subscribe: Daily Newsletter

 

SA CEOs aim to disrupt and grow

0 comments
SA CEOs aim to disrupt and grow

South African CEOs aim to disrupt and grow amidst uncertainty, with 88% of them spending much more time on scenario planning as a result of an uncertain geopolitical climate.
These are among the findings from KPMG South Africa’s 2017 CEO Outlook, based on in-depth interviews with 50 CEOs of some of the country’s largest companies.
This year’s CEO Outlook reveals that 68% of CEOs see disruptive forces as an opportunity, not a threat, for their business. CEOs are still broadly confident about the prospects for the global economy, but their optimism is more modest than it was last year, with only 42% expressing confidence.
“In the face of new challenges and uncertainties, CEOs are feeling the urgency to ‘disrupt and grow’,” says Makgotso Letsitsi, partner and executive director at KPMG in South Africa. “Disruption has become a fact of life for CEOs and their businesses as they respond to heightened uncertainty.
“But, importantly, most see disruption as an opportunity to transform their business model, develop new products and services, and reshape their business so it is more successful than ever before.”
KPMG’s 2017 CEO Outlook report provides insights of South African CEOs’ expectations for business growth, the challenges they face and their strategies to chart organisational success over the next three years. Key findings include:
* In 2017, South African CEOs are not as confident about the prospects for the global economy (42%).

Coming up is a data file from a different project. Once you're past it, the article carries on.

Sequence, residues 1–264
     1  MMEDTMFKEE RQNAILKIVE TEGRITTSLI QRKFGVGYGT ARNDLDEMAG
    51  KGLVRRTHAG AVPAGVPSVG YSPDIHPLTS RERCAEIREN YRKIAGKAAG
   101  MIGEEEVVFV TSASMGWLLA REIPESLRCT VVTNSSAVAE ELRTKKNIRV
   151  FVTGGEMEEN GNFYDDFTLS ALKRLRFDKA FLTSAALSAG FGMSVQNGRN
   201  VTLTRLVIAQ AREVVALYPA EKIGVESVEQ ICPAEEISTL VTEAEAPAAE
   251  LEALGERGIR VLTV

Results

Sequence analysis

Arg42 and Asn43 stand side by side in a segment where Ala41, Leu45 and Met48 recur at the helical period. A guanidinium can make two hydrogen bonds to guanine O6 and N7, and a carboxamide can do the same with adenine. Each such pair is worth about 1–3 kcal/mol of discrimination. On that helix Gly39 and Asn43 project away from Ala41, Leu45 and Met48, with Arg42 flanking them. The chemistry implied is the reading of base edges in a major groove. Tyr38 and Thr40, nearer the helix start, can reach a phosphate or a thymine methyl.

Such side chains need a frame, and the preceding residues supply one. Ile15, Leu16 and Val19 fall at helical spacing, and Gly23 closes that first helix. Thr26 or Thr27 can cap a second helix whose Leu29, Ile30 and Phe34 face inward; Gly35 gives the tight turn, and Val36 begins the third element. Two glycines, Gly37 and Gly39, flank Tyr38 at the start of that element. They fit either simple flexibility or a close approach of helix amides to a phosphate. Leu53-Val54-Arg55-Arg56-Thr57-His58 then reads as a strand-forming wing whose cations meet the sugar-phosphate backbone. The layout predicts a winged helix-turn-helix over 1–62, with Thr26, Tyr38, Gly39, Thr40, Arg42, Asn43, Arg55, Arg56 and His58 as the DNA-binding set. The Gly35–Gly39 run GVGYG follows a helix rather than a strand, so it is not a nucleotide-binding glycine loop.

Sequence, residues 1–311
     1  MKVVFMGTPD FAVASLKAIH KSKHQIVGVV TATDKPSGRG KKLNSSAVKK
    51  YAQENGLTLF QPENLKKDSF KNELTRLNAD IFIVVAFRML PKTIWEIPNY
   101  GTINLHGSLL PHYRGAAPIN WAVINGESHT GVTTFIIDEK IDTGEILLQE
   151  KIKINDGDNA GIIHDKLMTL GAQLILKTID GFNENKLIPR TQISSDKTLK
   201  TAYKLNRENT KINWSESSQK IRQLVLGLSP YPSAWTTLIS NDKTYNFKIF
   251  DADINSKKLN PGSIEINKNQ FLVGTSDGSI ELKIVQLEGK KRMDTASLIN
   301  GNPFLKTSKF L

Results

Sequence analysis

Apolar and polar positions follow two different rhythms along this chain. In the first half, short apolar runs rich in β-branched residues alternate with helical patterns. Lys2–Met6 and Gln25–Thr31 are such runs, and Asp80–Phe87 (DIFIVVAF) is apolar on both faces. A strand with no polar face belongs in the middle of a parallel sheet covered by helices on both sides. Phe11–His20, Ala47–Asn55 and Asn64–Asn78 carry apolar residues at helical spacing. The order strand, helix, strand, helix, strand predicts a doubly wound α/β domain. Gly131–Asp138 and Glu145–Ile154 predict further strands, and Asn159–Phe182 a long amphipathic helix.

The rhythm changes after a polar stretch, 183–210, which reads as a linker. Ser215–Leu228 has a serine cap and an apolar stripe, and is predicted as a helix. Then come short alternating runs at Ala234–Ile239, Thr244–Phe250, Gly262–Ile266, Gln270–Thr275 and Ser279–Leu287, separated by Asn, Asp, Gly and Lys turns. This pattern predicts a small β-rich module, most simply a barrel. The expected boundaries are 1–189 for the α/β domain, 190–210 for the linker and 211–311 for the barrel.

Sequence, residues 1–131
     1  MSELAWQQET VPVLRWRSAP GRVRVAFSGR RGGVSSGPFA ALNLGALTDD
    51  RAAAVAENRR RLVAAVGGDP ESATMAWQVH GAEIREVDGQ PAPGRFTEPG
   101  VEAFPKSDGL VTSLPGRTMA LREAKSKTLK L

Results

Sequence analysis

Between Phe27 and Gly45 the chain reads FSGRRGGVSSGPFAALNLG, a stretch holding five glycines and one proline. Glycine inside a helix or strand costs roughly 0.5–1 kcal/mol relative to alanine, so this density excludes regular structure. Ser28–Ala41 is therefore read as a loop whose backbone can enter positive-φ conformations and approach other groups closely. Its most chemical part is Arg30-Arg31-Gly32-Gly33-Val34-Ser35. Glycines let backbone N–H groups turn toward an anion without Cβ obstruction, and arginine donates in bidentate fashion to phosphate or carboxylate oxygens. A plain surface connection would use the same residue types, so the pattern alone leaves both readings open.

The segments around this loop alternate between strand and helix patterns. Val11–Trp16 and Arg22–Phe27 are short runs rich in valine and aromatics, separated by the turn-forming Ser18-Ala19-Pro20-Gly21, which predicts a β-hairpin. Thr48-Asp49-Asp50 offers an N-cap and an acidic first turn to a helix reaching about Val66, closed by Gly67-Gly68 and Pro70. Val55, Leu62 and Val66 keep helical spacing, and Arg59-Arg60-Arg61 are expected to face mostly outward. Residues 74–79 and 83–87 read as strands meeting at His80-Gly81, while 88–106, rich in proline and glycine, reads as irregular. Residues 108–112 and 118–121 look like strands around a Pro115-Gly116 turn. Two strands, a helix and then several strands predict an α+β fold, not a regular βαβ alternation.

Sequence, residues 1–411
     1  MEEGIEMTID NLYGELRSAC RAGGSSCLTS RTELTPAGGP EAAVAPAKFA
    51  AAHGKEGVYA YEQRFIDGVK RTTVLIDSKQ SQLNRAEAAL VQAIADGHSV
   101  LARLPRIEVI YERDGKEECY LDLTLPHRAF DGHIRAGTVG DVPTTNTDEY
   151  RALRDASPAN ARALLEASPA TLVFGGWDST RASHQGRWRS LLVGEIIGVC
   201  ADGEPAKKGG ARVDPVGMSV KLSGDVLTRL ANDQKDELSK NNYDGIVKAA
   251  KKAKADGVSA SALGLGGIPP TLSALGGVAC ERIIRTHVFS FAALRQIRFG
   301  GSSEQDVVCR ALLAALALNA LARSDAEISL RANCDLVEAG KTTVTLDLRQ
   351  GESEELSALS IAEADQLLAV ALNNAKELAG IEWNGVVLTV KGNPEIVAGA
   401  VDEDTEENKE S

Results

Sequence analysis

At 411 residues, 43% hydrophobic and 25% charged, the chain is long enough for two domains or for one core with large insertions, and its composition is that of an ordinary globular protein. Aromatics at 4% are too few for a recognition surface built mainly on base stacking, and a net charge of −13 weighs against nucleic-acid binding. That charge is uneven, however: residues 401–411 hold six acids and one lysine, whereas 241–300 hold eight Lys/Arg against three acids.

* Almost seven in 10 CEOs (68%) see disruption as an opportunity, not a threat, for their business. And overwhelming 86% say that their organisations are actively disrupting the sector in which they operate.
* Within their own businesses, six in 10 CEOs describe themselves as confident in their company’s growth prospects for the next three years.
* Nine in 10 (92%) say they are evolving their skills and personal qualities to better lead their business.
“CEOs understand that speed to market and innovation are strategic priorities for growth in uncertain political conditions,” says Letsitsi. “That’s why a whopping 88% are spending much more time on scenario planning as a result of an uncertain geopolitical climate.
“It is against that backdrop that this Thursday, KPMG in South Africa will host an event with world leaders in geo-strategy, senior business leaders and subject matter experts to try and make sense of Brexit, the US, the spread of populism, a claw back from globalisation, a clash of ideologies and Africa’s contribution in global politics.”
With emerging cognitive technology making its way into South African businesses, 80% of the CEOs are confident that their company headcount will remain the same for the next three years.
While CEOs are focusing on evolving their businesses, they are also evolving their own role – 74% of CEOs say they are now more open to new influences and collaborations than at any other point in their career.
In light of operating within an increasingly transparent business environment, almost all CEOs (94%) say their organisation is placing greater importance on trust, values and culture in order to sustain its long-term future. CEOs are seeing this trend continue for the immediate future with 86% saying that building greater trust among external stakeholders and customers is among the top three priorities of their organisation today.
Indeed, companies today are increasingly realising that building trust is consistent with their business objectives.